Juan Mata at Harper’s Bazaar España
Samanta Villar was onto something there when she said, “¡porrr fa-vorrrr Juan Ma-ta!,” because Juan Mata is adorable, intelligent and a great guy (and it just makes sense that he and Esteban Granero are best friends, no?). You can see all of this and more in this interview in the September issue of Harper’s Bazaar España. I’m glad Juanín is getting more media attention; he (and we) deserves it!
Juan Mata (Burgos 1988) is one of those players who possesses the talent that made Spain the world champion and a breeding ground for talented players. Spanish football urgently needed a style (save the mustache of Marquis Del Bosque) to get to where it is now, to shine in the same way on the field as it had on billboards. It’s a product, perhaps the only one, that attractively sells the ‘made in Spain concept.’ This summer, Juan won the U-21 Euro and a spot in the 2012 Olympic Games with La Rojita.
So young and already a world champion, how do you feel on this anniversary of the win in South Africa?
In the moment that we did it, we weren’t really conscious of the dimensions of what we had achieved. With the passing of time, and now that it’s close to the first anniversary, you realize that you were part of the first generation of Spanish world champions… it’s incredible.
You’re almost like a movie star.
Yes, yes, it’s fantastic. Your life changes: people recognize you on the streets, they respect you even in rival stadiums… the more time passes, the more you’ll realize that that summer in South Africa was one of the best ones in our lives.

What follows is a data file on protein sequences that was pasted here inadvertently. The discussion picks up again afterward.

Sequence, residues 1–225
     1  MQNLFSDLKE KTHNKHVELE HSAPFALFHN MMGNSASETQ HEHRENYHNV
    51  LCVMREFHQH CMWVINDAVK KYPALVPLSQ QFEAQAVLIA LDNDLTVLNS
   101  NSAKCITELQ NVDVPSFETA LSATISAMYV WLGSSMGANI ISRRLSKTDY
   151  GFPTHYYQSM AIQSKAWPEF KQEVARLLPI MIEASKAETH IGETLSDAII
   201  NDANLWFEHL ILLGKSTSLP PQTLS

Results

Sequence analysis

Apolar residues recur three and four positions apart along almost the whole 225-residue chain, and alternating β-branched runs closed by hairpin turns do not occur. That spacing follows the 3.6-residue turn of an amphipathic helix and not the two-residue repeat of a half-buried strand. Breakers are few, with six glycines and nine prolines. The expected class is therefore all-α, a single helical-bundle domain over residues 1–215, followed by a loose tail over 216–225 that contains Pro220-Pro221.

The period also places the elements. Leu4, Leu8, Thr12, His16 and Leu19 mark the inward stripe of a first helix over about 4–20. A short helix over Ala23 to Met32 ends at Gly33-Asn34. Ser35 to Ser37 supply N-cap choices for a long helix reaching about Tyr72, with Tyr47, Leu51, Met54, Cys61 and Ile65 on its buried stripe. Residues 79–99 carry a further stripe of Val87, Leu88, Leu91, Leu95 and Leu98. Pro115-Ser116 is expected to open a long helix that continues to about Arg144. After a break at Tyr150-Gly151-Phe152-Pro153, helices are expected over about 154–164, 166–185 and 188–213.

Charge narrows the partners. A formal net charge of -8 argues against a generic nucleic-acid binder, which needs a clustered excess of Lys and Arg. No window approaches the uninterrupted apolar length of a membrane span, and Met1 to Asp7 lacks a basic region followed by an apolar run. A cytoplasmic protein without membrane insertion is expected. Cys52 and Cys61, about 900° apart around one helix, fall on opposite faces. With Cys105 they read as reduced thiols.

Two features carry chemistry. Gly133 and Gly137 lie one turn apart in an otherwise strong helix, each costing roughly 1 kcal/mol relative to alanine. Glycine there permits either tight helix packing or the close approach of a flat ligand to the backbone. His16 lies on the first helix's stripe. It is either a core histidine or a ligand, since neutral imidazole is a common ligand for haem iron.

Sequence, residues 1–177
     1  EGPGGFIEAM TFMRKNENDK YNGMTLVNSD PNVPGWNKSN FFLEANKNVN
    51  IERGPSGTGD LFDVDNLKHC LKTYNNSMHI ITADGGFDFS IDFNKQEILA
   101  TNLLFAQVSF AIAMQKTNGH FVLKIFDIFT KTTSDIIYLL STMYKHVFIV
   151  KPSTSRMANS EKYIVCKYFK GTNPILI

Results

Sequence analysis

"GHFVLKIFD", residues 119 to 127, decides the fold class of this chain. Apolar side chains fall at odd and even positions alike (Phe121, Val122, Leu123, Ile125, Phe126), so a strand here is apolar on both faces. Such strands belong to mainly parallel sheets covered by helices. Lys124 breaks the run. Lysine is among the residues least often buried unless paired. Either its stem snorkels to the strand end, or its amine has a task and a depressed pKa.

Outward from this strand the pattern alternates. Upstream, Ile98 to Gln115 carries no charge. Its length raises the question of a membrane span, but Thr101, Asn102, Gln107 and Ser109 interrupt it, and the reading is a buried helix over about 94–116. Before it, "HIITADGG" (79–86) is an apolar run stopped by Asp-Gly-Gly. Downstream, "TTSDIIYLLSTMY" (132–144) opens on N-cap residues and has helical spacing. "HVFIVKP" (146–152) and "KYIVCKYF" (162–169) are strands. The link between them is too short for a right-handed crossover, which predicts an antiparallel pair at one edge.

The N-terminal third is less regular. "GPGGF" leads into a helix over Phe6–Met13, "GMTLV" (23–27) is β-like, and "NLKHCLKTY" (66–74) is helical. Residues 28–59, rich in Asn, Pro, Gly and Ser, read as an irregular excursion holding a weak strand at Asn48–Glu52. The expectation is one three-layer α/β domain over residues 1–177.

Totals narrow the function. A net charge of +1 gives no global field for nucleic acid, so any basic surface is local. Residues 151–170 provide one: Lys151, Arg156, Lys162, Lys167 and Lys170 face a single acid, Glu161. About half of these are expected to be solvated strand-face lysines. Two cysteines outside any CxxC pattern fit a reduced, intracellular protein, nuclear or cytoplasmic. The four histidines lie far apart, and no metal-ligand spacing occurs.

A beautiful, educated Spain that knows how to save energy, speak languages and play football… that was unthinkable a decade ago.
I was lucky enough to be part of this World Cup and see for myself the good atmosphere that exists between this generation of footballers. We’ve transcended the teams that we belong to to become like a family that shares that same interests, that can talk about things besides football… that is reflected on the field and helps us to become champions. We’re champions in football and also in good relationships.
Do you think this good relationship will continue after the chain of confrontations between Madrid and Barcelona?
When you’re defending a common good, you set aside any rivalry between clubs. In addition, we have a coach who knows how to manage this issue very well and I don’t think there are any problems. We’re all intelligent enough not to make this into a big deal.
These days, footballers get married early, have children early, you don’t live like normal people your age…
Yes, that’s true. I often compare myself with my friends from Oviedo, whom I continue hanging out with, and I note that our lives aren’t similar. They’re finishing their studies, going outside of Spain on Erasmus, or living with their parents, in contrast to professional players who had to mature much earlier. I went to Madrid when I was just 15 and that makes you mature. The truth is, I consider myself privileged to have this life.
Do you fear retirement, that the world will end when you hang up your boots?
Of course. When a footballer ends his career, he’s still at an age where he’s considered young by societal standards, so that’s why you can’t neglect your studies or other things that you can do later on.
It’s a cliché, but I suppose that you had to give up a lot to become an elite athlete…
Yes and no. Yes, because you can’t do the things that normal people your age do, especially in going out or traveling, but this sacrifice didn’t bother me. I like what I do a lot.
I remember that years ago, Benítez prevented Valencia’s players from eating paella… are things still that extreme?